Kayongo, the father of woodball in Uganda

Thursday July 5 2018

Kayongo father woodball Uganda

Kayongo says woodball is a sport that can be played by anyone and at any time at a very low cost. Photos by Ismael Kezaala 

By George Katongole

There’s a new passion for young people especially at university -- woodball. Woodball came to Uganda in 2006 and has spread like wildfire. It is among the medal sports at the inter-university games since 2008.
The Uganda Woodball Federation (UWbF) estimates that 4,000 players are actively involved in the game. The 10-year anniversary at Mandela National Stadium, showed that the game has got a deep reach as more than 1,000 players attended the celebrations involving; 784 competing as juniors, 174 in the President’s Cup and 233 for the Corporate League.

Woodball is among the 37 recognised sports in Uganda with the other little known sports being; VX, lacrosse, zurkhaneh, roll ball, floorball, ultimate Frisbee.
All this thanks to an audacious chartered accountant Paul Mark Kayongo, who is the bursar of Ndejje University. He fell for the experiment to introduce the sport in Uganda after the International University Sports Federation (FISU) General Assembly in Dubai in March 2006.

The beginning
Kayongo, a career finance professional, is the founding president of the Uganda Woodball Federation (UWbF) and won the green light to introduce the game in Africa when he was appointed the vice president in charge of the sport at the world headquarters.

The starting point was the introduction of the sport at the annual inter-university games. Since he was the sports tutor at Ndejje, he sought the opportunity to use the university as the first home of the sport. “Ndejje accepted to pioneer the sport even though they did not know everything about it at the time but they used my goodwill,” he said.

Sport for all seasons
His target? To create an alternative sport which he found fit for everyone. “Anyone can play woodball anywhere,” Kayongo says.
The sport was invented in Taiwan by Weng Ming-hui and Kuang-chu Young in 1990. It takes approximately 90 minutes to complete 12 gates. The length of a gate, from the starting area to the gate, ranges from 30 yards to over 100 yards.

A team consists of two to four players. On a woodball course, the goal is to complete 12 gates, or a designated number of gates. Similar to golf, the player who completes these gates with fewest strokes is the winner. The game has a strong presence in schools, universities and also corporate companies. “I like the game because it is not rough at all. You play one at a time and you cannot be hit by an opponent. The risk of injury is limited,” Verona Naava, a player says.

Kayongo plans to take the sport across the country in the next 10 years to make it more popular. Uganda has been to the World Cup five times and will play at the World Cup this month. “Every player’s motivation is to play at the top level and woodball is an open gate since Uganda is the number one country in Africa,” he said.

The plot
He had initial fears but kept going anyway. “I instead focused on a well-designed process on where we wanted to go.”
His efforts elevated him to an improved profile. Uncannily confident, Kayongo was offered the opportunity to introduce the sport to the rest of Africa. To face initial challenges, Uganda was donated an equipment making plant. That would partly solve the problem as all playing equipment is manufactured locally in the backyard of Ndejje University.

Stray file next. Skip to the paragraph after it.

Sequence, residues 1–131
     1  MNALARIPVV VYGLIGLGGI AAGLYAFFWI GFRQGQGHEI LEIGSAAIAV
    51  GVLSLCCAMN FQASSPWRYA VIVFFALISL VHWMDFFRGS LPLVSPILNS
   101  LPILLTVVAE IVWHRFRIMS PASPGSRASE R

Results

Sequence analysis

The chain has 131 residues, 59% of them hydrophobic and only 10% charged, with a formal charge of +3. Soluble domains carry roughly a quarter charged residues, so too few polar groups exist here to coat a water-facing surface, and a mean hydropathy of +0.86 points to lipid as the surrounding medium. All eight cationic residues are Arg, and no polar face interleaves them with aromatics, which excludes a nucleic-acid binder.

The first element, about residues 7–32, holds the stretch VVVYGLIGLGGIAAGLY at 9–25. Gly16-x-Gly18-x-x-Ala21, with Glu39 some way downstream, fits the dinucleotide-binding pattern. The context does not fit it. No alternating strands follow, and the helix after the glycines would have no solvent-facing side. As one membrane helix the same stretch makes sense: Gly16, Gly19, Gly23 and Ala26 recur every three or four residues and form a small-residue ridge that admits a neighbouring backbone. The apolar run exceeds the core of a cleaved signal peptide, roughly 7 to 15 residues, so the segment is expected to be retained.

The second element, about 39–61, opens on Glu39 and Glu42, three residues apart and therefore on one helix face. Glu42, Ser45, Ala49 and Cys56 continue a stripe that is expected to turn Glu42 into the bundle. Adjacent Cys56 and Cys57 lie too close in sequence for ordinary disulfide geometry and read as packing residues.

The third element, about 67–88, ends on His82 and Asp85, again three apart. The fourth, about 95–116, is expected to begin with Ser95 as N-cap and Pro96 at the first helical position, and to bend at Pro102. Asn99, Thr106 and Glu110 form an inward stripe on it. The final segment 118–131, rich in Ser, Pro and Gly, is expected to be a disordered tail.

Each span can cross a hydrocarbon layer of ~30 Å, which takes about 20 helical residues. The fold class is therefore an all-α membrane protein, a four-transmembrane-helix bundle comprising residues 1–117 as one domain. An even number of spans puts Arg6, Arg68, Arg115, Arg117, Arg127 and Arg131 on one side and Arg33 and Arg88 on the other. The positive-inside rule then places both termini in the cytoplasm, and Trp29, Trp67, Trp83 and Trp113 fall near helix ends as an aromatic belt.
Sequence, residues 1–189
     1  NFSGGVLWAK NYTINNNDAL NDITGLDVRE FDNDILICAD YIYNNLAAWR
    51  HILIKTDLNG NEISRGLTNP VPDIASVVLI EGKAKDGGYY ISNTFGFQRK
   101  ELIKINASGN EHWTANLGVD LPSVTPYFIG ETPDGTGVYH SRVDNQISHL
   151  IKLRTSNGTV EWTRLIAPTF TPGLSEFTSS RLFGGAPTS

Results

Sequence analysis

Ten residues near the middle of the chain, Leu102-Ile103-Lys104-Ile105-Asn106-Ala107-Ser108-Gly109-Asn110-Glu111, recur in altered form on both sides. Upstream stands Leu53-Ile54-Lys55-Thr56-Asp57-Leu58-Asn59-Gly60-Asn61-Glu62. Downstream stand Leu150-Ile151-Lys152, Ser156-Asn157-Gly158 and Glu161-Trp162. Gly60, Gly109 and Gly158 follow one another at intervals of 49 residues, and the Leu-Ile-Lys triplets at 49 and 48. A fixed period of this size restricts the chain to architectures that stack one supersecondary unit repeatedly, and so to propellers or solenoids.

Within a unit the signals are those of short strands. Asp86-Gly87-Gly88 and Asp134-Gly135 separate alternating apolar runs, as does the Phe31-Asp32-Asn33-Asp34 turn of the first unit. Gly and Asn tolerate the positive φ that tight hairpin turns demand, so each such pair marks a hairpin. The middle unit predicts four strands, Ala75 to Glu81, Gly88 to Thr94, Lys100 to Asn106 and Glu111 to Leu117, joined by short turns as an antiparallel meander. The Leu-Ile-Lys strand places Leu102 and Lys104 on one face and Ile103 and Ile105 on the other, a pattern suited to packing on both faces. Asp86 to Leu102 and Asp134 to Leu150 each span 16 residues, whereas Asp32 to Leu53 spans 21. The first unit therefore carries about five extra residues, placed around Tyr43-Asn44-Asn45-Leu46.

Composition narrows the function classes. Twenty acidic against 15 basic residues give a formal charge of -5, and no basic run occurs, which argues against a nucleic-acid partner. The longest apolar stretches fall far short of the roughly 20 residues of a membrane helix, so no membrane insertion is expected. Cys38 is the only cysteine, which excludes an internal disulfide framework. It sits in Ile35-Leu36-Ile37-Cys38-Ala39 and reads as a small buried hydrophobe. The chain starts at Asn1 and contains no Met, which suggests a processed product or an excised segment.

10 years later, Kayongo thinks he has the answer. The game is embraced by South Africa, Nigeria, Zambia, Tanzania, Mauritius, Sierra Leone, Malawi, Kenya, Gabon, DR Congo and Cameroon. 44 countries play the sport worldwide.
He rejects the notion that trying to promote the game elsewhere will weigh immensely on the game’s growth at home. “We can do all this,” he says.

In harmony with nature
Kayongo says the sport has growing acclaim since it is played in harmony with nature. “We actually work with nature instead of trying to fight it. The use of wooden materials is sustainable because the wood used is legally obtained,” he says.
In the past 10 years, woodball is the leading innovation in sport with a trajectory so sharp to strangers.

Future plans
The UWbF has partnered with Namboole, Kisubi beach and several universities to host their events, but to-date there are no specific woodball courses in the country. Kayongo thinks that when the sport gets its own home, the future will be sorted.
He thinks woodball offers a great alternative in an organised environment at a cheap cost. Woodball equipment made in Uganda costs a combined Shs180,000.

Kayongo is well aware that skeptics are circling his brainchild. But the greater sin, he suggests, would be not to try to dream.
“Human history is a long list of things that were impossible and then that were done,” he says.
Among the sport-savvy countrymen, Kayongo is a symbol of visionary striving. David Katende, the National Council of Sports (NCS) general secretary, actually named him “father of woodball”. “He works tirelessly to promote woodball whenever he is not sleeping and maybe he even dreams about it,” Katende says.

Facts about woodball
Woodball is played with a wooden mallet and wooden balls
It was developed in Taiwan in 1990 and introduced in Uganda by Paul Mark Kayongo in 2008. Woodball can be played indoors or outdoors, on grass, sand or asphalt surfaces.
The ball used is 9.5cm in diameter and weighs 350 grammes. The mallet is about 90cm long with a bottle shaped head.
The gate consists of three bottle-shaped blocks, with the ones at the ends a little longer than the middle.

About Kayongo
He is the treasurer of the Association of Uganda University Sports (AUUS); Federation of Uganda Football Association (FUFA) Big League delegate; finance committee Member of the Uganda Olympic Committee (UOC) and has served as Vice President of the Uganda Handball Federation (2006– 2008).